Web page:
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Building a culture of integrity

Written November 15, 2007 at 22:32 MST Tagged general

I had to laugh a little. The one blog post that I wrote this year which also generated the most comments is the only one with a hint of negative sound to it!!

I have to stress one thing and people need to hear me when I say this. I am completely in acknowledgment of the fact that people make mistakes. As a sinner saved by grace, I am reminded of this fact daily. I make mistakes on a daily basis. If and when I get the opportunity to meet you, you will find that I wear my emotions on my sleeve and am extremely passionate about what I do for a living, and because in this past year I have been blessed with the opportunity to influence others on a larger scale it has raced to the forefront of my mind the importance of integrity in the role of leaders.

In my last post, people were quick to jump on the fact that I seemed to be singling out some people in the community with the comments I was making. And that is definitely not the case. Let me also quickly state that regardless of how people read into that last post I in no way hold myself in any higher regard than anyone else.

What I do hold myself to is striving to daily achieve a level of excellence for myself in the arena of software development. I strive to foster a community that cares as much about quality of character as much as it does quality of the code that is produced by a development team. I am not against people being out in the community sharing information that they have found to be useful for themselves. I personally feel that everyone who is out there sharing information should be letting people know that whatever knowledge they are sharing is based on their current level of knowledge and is information that, in my opinion, should be validated by a group of peers who are able to challenge the ideas that they are presenting.

What I am asking for is for people to stop worrying about being politically correct (good point that was brought up from an attendee of my last course) when it comes to challenging 'the experts' whether it be me or anyone else. I want developers to be more honest with themselves and the people they are engaging about the skillsets they have. I want developers to not have to feel stressed about the fact that a position is asking for skillsets X,Y,Z and they only have strong knowledge in one of the 3. For myself, I have found it such a freeing experience to be able to speak open and honestly with both clients and peers about where my skills do and do not lie. This completely changed the landscape of the interview process for me. I can be completely honest about what I do know and what topics I personally feel very strong in. I can also,be brutally honest about what I don't know and what is currently not on my radar to look at in the immediate future. If one of these areas is a skillset that will make or break the deal, then so be it. I will have been given the opportunity to meet a new set of people and the decision will now be in their court and they will have been given information in its rawest form to make a decision that benefits them and their current set of needs.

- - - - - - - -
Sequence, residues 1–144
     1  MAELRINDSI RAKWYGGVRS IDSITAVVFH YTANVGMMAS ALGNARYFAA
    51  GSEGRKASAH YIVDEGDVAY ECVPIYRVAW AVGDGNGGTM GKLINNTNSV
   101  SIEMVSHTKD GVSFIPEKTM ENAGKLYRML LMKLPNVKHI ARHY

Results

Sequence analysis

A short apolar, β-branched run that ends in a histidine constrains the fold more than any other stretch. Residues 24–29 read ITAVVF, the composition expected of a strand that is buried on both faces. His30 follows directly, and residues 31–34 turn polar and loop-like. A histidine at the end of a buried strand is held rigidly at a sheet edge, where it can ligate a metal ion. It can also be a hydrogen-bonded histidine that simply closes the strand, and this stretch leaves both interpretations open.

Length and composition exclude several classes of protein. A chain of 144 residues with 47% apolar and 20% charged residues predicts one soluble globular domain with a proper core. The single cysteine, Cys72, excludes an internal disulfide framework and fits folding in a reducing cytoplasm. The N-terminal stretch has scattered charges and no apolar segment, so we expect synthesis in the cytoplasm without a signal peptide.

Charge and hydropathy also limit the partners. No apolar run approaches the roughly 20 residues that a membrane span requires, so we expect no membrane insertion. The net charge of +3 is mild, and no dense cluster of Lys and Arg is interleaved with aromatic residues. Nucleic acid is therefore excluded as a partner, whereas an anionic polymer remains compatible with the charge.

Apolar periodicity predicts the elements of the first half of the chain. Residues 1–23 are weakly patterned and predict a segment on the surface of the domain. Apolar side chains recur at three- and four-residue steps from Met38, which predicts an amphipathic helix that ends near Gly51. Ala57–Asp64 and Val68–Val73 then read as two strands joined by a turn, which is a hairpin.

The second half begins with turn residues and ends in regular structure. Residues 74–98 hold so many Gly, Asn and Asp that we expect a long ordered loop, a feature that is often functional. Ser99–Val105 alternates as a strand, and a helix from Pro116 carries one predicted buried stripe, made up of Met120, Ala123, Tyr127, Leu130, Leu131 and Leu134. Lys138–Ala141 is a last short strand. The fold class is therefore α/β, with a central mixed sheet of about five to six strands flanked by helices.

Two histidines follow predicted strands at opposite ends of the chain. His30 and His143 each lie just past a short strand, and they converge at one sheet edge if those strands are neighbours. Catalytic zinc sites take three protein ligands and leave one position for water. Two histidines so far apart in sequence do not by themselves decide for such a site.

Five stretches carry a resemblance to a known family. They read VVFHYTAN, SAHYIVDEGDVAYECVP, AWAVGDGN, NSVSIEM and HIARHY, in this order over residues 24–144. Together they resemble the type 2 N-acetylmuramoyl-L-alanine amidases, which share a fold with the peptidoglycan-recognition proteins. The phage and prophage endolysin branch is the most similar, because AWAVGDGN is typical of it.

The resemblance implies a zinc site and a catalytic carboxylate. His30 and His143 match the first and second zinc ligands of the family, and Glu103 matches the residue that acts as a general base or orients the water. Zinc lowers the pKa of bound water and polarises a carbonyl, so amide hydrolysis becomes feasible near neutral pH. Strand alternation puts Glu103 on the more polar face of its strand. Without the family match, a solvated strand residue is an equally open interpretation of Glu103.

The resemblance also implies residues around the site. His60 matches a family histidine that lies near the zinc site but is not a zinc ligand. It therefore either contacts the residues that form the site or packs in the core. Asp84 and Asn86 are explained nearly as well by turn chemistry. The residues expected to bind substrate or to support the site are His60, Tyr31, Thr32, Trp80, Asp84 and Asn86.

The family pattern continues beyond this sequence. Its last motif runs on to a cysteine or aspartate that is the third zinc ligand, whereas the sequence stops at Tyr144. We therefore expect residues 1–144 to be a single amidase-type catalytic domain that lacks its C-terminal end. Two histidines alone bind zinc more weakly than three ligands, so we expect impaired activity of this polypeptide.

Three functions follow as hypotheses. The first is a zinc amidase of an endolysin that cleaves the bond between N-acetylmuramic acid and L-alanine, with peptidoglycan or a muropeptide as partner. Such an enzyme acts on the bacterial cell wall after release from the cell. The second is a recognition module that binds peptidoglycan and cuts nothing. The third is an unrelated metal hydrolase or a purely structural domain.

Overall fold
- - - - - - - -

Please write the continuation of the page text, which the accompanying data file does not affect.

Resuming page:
What is the point I am trying to make in short?:

( IsABlogger() && HasAnMVP() && HasDoneLotsOfPresentations()) != IsAnExpert()

All that the above points identify is that an individual has all of the prerequisites that need to be in place to be recognized as a community influencer. It does not make them an expert. Expert, IMHO, is a very relative term. If you bring me onto a project and I am not able to deliver effectively with your team, then it does not matter how I was selling myself to the interview team, the developers that I am working with will be able to weed me out quicker than management potentially could.

For myself and others (involved with community or not) I would like to see us be more honest with ourselves and the people we come into contact with on a daily basis about where our strengths and weaknesses lie in the realm of development. I would like developers to be able to drop the facades and set client expectations early in a very realistic way. I think if this were done on a more consistent basis, it would make for a much less stressful situation all around.

As for people who were asking me to name names, I am not going to. Part of my responsibility as someone who has witnessed and experienced this is to challenge and have conversations with the parties in question. All of these conversations that I have had over the year have ended in positive outcomes. It does not negate the fact the practice is there and there are changes that can be made to completely eliminate it from our everyday development culture. I would hope that if and when I start making claims about myself that are not true, somebody would be brave enough to step up to the plate and personally challenge me about it. Maybe that would be all I need to put my focus on integrity back into check.